Thursday, January 8, 2015

Downstream Toward the Beach...

I wrote those words above a few months ago emanating from an inner belief that I'd get back to the swim.  The swim...for me it means getting back in the water at the Oceanside Beach, which is an intimate friend of mine. 

The physical therapist was giving me a hard time last week about my not putting in much effort with the back exercises--and she ticked me off.  She told me things like...I was dependent on my back brace...I had a mindset that I'll have lifelong pain...I need to get my act together and fight back (no pun intended).

So why am I pissed off?  I'm early in my third major life comeback and I don't know whether I CAN come back?  You see I went through this first comeback from spinal surgery for my neck once before--five years ago--and slowly, very slowly, I was able to return from it.  I did it all in the water in Oceanside; I gave up on neck physical therapy two different times because of the pain. 

I had this cancer deal for a second comeback about twelve years ago...and I haven't come back from that...and never will.  Lifelong damage.  I'm angry about that pretty much every day.  There's nothing that I can do about that but I'm supposed to be happy.  Beat cancer, live with cancer, hope for a cure, overcome cancer, jog for cancer, be happy you're alive...the hell with that!  Cancer just sucks and it strikes randomly from out of nowhere!

I write that "The first time you quit is the last time you try" on my posts.  But this time I am tempted to quit.  There's a relief to quitting, for those of us who have done so--it's an immediate relief, a short-lived end to the suffering--but it comes with such a long-term regret.  Quitting is so, so easy.  If you are running, you simply stop.  Walk....  If you are studying Organic Chemistry, you just stop memorizing structural formulas.  Change your major to Business.  If I need to do my physical therapy exercises, I just don't.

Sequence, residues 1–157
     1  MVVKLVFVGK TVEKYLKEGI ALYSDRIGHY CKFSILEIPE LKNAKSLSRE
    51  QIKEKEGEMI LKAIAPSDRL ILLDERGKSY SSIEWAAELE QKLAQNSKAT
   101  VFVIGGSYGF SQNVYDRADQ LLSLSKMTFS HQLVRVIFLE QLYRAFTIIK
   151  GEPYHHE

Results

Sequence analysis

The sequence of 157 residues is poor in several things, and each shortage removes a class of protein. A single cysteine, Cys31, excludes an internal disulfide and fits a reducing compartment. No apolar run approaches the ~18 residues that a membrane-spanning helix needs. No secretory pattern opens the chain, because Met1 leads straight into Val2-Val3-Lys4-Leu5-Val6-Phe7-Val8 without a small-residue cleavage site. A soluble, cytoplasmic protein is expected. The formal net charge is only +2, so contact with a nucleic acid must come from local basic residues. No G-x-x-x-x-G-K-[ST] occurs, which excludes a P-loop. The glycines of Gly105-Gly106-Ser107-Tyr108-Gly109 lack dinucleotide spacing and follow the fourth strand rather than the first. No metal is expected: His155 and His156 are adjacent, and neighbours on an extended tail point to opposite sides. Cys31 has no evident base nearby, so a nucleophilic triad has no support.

Just do it...just don't do it...

This post is much more about quitting in life than it is about swimming in cold ocean water. 

We tell ourselves--rather we think to ourselves--that it's perfectly fine to quit;  Quitting my endeavor may actually may be the better choice for me. We rationalize our actions to reduce stress--it's some psychological principle.  Maybe I was meant for something else, maybe I chose the wrong career path early on when I was young and had choices.  Oh, choices.  They are involved in this story too.  Personally, I do much better when I have no choices; there is just one thing to do and I have to do it or someone tells me what to do.

I got far afield from my thoughts about this third comeback that I am experiencing.  Maybe I can't do it?   Maybe the old guy has run out of life force?  Maybe I'm afraid to do the hard work?  Maybe I'll take the first stroke again?  I am doubtful but not hopeless...yet.

"The first time you quit is the last time you try."